Four Years to Regroup
The election of 2020 is finally over. Yes, it is over. Joe Biden won and Donald Trump lost. This conclusion was not reached quickly or decisively. Trump hasn’t conceded, but he would need to win the recount in Georgia and reverse “called” elections in at least two other states to get 270 electoral votes—which is not going to happen. That being said, I personally don’t believe this election was a repudiation of Trump’s autocratic political agenda but was a rejection of Donald Trump as a person—by a narrow slice of mainstream Americans.
The results suggest the voters’ response to Biden’s promise to reunite the nation ranged from skepticism to outright rejection. The Democrats lost seats in the House of Representatives and will need to win the two runoff elections in Georgia to gain a narrow majority in the Senate. This is hardly a mandate to reunite the nation. If the autocrat running against Biden for reelection had been someone more competent or tactful, the outcome might have been quite different.
I would like to believe that the margin of voters accounting for the Democratic win understood this election as a choice between democracy and autocracy. I had made this case in my American Covenant blog series, as did several prominent politicians and pundits of both parties. I doubt that our conceptual arguments were a major factor in the outcome. Regardless, those who are still committed to returning the long difficult quest toward democracy will now have four years to regroup and prepare for the next presidential election.
The deep political divide in the U.S. will not be healed in four years—no matter how hard President Biden or anyone else tries. The cold hard reality is that neither those on the political Left nor Right are willing to reunite the nation around principles that are acceptable to the other. The vast majority of Democrats are not socialists and the vast majority of Republicans are not autocrats. However, progressives within the Democratic party will accept nothing less than a return to the nation’s historic path toward a more democratic republic. Those who currently control the Republican party will not accept any compromise that threatens their traditional positions of privilege afforded by the remnants of an undemocratic republic. Nearly half of Americans seem willing to accept the dictates of an autocrat rather than continuing government gridlock.
This election has left the nation teetering on the edge between democracy and autocracy. As I have argued before, we are at a point in history similar to that leading up to the Civil War. Those in the South knew abolition of slavery would mean an end of their positions of privilege in southern society. Slaves they had treated as personal property eventually would be granted equal political rights. Some slave owners probably feared physical harm in retribution for the brutal punishment they had meted out to their slaves. Others likely feared the financial collapse of the slave-based southern economy. The European/aristocratic culture of the South would be permanently disrupted. Even those with social status barely above slavery would have no one left to feel “better than.”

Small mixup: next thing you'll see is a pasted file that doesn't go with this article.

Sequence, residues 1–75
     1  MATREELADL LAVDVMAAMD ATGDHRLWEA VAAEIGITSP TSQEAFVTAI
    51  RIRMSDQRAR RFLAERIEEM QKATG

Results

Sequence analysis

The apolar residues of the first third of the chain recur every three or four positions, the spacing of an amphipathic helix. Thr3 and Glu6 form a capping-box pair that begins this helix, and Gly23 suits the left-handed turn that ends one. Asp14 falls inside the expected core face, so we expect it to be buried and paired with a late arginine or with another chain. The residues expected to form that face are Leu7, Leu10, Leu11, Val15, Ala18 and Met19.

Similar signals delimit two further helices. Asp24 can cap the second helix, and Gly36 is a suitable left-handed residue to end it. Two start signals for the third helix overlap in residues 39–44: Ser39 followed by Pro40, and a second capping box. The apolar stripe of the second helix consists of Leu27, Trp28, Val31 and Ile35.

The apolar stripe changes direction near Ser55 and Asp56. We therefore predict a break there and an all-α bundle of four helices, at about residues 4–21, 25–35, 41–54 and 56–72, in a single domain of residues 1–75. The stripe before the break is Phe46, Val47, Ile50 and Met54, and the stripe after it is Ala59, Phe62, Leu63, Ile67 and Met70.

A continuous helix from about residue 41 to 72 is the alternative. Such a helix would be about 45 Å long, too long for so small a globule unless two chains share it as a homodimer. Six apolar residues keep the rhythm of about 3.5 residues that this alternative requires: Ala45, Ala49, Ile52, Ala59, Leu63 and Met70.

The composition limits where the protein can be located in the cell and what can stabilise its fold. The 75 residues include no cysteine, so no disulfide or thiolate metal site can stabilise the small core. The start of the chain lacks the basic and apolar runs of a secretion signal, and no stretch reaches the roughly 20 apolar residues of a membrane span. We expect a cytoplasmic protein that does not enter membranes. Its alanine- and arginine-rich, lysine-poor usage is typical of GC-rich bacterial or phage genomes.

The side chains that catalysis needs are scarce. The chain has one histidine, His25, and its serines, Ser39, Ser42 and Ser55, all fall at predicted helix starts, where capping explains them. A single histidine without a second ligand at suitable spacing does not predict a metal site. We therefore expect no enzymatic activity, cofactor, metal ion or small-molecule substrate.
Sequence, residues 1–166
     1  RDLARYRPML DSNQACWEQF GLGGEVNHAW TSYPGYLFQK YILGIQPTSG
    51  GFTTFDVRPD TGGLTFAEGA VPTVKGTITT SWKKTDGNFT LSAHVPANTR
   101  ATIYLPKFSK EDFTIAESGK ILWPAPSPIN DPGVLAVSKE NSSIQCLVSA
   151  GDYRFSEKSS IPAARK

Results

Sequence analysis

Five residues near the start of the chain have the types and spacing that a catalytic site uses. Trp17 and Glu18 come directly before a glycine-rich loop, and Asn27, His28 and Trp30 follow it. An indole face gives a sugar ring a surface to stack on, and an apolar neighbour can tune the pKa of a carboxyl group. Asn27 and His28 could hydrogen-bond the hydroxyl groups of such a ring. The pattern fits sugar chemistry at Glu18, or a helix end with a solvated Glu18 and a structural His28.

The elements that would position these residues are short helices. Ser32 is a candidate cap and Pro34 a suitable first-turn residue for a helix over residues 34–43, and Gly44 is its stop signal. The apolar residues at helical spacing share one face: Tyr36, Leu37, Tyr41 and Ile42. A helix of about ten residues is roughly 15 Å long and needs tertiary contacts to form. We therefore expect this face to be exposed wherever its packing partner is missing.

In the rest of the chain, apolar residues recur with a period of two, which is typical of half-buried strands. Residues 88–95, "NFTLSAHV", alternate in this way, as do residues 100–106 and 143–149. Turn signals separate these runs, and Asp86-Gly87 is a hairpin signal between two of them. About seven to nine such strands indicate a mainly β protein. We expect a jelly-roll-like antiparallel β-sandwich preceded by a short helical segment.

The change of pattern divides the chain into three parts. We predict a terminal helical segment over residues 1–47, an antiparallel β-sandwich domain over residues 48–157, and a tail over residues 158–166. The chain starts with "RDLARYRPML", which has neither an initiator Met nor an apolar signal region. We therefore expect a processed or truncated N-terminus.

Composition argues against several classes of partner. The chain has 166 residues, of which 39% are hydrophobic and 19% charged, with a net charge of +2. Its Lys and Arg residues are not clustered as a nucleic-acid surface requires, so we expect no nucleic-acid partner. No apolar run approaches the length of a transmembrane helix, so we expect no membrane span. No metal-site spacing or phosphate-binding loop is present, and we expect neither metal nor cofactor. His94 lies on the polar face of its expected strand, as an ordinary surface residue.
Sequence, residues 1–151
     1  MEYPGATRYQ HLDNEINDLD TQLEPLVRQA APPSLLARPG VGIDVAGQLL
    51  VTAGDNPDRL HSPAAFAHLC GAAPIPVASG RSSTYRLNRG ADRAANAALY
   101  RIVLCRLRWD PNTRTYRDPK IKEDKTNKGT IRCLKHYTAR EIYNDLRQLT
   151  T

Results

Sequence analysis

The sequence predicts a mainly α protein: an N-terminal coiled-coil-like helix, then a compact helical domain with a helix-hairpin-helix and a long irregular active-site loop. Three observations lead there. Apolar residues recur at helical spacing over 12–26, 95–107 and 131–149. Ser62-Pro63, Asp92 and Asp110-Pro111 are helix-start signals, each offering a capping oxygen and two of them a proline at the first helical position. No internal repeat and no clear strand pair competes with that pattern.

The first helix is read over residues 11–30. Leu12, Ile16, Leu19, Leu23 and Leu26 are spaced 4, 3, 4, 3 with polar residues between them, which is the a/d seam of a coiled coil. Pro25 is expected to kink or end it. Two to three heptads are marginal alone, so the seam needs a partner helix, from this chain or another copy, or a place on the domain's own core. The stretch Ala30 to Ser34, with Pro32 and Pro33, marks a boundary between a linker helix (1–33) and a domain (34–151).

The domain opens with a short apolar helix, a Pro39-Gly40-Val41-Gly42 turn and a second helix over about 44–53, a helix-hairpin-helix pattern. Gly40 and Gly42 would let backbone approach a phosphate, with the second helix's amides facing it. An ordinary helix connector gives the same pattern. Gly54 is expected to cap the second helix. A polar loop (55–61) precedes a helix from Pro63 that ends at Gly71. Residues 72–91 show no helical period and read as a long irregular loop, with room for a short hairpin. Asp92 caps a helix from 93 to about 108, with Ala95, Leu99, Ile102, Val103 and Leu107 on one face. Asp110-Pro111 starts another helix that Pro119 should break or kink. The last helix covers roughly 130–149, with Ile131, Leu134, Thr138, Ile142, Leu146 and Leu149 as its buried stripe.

Similar fears were stoked in this past election in an attempt to convince those in positions of privilege that their physical safety, economic security, religious freedoms, and the American way of life were at risk. For many in positions of privilege, those fears were, and still are, real. However, such fears would be completely groundless in a nation committed to liberty and justice for all. If there is liberty for all there must be justice for all. If there is justice for all there must be liberty for all. Whenever liberty and justice prevail, there will be prosperity for all. As I have explained in previous posts, the progressive political agenda is not an agenda for Godless socialism. Instead, it is an agenda for returning the nation to its historic purpose of securing the God-given equal rights of all to life, liberty, and the pursuit of happiness.
Abraham Lincoln, ended his historic pre-war campaign speech at Cooper Union in New York with the challenge: “Neither let us be slandered from our duty by false accusations against us, nor frightened from it by menaces of destruction to the Government nor of dungeons to ourselves. LET US HAVE FAITH THAT RIGHT MAKES MIGHT, AND IN THAT FAITH, LET US, TO THE END, DARE TO DO OUR DUTY AS WE UNDERSTAND IT” (emphasis by Lincoln).
My duty, as I am understanding it, is to begin focusing my thoughts, time, and energy on helping to convince the Biden-Harris administration to focus its farm and rural policies to the very real problems of “the people left behind” in rural communities. As Biden promised, he needs to be a president that works as hard for the people who voted against him as the people who voted for him. This means the Biden-Harris administration needs to abandon the extractive and exploitative farm and rural development policies of the past and support a just and fair transition to regenerative family farms and economically and socially vibrant rural communities.
Those of us who believe in the necessity of a new progressive political agenda need to start now in laying the groundwork for revolutionary changes in the 2023 farm bill. We cannot wait until the elections of 2022 to start developing broad public support for fundamental change in farm, food security, conservation, and rural development policies. “Let us have faith that right makes might, and in that faith, let us, to the end, dare to do our duty as we understand it.”